English: NASA StarChild image of Stephen Hawking. (Photo credit: Wikipedia)

– “…a scientific theory is a mathematical model that describes and codifies the observations we make. A good theory should describe a large range of phenomena on the basis of a few simple postulates and will make definite predictions that can be tested…if one takes the positivist position, as I do, one cannot say what time actually is. All one can do is to describe what has been found to be a very good mathematical model for time and say what predictions it makes…”

Through the Vienna Circle, the positivist movement emerged in Europe in the late 1920s. The members of the Vienna Circle had a great antipathy toward the German speculative philosophy and toward sweeping metaphysical theories that had flourished on the continent all throughout the 20th Century.
An interesting aspect of the positivist movement was that the positivists regarded women as being superior to men. Comte praised women as being the vehicles of feelings over reason, of morality over politics .

 Positivism in the Frame of International Relations

In international relations, positivism has been the dominant epistemological point of view. In the theory of the International Relations, positivism tends to create knowledge that is being supported by four foundational assumptions.
The first one is that methodologies that apply in the scientific world can be assumed to perform the same in the non-scientific world. This is referred to as the unity of science .
The second assumption would constitute the fact that there is a clear delineation between values and facts , as well as the belief that facts remain neutral between various theories.
The third assumption is that both the natural and the social environments have regularities that can be uncovered by theories, being the same kind of process that is used when a scientist approaches the natural world, also being used in the context of the social research.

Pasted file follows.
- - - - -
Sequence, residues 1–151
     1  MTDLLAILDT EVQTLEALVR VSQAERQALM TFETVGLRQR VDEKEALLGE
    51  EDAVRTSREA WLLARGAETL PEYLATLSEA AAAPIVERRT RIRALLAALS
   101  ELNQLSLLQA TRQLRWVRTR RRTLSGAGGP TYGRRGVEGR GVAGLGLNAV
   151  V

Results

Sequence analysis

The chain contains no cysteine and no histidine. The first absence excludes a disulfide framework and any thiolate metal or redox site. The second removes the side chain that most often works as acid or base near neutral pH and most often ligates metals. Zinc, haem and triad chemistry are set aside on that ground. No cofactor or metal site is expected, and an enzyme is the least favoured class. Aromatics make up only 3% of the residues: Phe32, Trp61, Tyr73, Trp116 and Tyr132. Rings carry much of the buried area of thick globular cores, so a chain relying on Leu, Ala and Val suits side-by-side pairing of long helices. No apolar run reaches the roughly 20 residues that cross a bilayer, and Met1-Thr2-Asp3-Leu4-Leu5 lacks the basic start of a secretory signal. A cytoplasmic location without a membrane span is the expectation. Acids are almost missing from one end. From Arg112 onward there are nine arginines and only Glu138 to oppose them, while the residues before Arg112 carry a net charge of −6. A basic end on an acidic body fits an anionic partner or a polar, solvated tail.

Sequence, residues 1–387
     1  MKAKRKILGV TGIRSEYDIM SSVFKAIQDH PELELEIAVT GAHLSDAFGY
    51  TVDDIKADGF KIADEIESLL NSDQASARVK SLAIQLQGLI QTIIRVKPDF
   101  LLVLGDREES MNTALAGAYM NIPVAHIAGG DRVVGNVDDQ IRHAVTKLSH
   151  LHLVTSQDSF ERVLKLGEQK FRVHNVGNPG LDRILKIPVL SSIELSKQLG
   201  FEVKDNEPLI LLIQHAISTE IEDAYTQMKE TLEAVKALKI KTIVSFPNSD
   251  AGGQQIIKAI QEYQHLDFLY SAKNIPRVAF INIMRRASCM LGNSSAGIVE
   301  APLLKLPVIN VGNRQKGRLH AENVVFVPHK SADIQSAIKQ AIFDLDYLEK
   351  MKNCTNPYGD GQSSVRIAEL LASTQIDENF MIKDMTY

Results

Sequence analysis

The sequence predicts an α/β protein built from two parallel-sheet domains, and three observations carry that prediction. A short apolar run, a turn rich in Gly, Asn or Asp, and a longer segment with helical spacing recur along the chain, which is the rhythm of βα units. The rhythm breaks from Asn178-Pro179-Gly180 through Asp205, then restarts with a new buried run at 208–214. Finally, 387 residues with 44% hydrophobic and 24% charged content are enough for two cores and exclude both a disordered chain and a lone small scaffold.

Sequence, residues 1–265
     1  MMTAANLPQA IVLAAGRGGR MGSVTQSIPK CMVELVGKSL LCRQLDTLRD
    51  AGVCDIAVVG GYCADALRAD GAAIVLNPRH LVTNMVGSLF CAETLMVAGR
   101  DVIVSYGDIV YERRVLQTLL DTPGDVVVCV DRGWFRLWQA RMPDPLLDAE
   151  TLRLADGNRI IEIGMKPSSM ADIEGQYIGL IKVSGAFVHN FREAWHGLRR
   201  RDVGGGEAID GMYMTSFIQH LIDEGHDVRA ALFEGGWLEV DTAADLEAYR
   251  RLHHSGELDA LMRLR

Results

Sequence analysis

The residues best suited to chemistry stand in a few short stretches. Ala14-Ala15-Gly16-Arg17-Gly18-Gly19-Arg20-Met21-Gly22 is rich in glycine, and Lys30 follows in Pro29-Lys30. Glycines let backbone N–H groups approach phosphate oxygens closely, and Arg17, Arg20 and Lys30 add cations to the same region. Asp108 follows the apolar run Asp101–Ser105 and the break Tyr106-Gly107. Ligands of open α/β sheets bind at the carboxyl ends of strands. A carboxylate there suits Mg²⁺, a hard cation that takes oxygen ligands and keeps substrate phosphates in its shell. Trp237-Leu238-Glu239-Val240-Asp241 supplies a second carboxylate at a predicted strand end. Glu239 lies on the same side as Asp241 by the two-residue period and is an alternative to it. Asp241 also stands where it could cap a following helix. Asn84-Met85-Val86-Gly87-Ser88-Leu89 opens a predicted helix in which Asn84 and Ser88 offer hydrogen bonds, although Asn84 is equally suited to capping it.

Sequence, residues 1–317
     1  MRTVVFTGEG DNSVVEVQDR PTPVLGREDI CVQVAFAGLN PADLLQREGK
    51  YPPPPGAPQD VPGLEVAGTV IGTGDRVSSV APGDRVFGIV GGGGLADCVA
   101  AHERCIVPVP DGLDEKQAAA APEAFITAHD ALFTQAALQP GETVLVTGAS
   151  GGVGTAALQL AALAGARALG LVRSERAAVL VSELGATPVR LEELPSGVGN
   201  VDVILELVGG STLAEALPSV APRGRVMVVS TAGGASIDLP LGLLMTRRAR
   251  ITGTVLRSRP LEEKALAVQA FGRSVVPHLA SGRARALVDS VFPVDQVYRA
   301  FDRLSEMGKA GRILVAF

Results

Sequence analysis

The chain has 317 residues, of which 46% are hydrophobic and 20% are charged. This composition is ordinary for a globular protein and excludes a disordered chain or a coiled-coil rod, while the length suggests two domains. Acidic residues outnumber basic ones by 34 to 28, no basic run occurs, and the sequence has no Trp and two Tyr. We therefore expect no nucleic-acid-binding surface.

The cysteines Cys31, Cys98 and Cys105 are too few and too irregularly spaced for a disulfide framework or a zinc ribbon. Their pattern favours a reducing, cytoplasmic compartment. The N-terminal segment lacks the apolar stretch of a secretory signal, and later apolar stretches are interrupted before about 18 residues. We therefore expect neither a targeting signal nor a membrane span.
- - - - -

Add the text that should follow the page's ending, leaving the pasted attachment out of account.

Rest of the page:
Positivism has a major role to play in international relations theory. It is considered to be one of the explicit alternatives among many, but rather as the implicit Gold Standard which stands against all values that were known before this particular time, along with all of the approaches that were evaluated in the past decades.
International theory underpins and informs international practice even if there is a lengthy lag between the major theories all the way to their absorption in the social, political and economic life.
In the context of international relations, positivism is regarded by scientists in different manners. Based on the works of John Locke and David Hume , the central premise of positivism is that science must be based on a Phenomenalist Nominalism expressing the notion that only statements about a particular phenomena which can be directly experiences can count as knowledge, and that any statements that do not refer to independent atomized objects cannot be granted the status of justified knowledge.

 – Cosmina Craciunescu

  Continue reading: Social Constructivism and Positivism in the Context of International Relations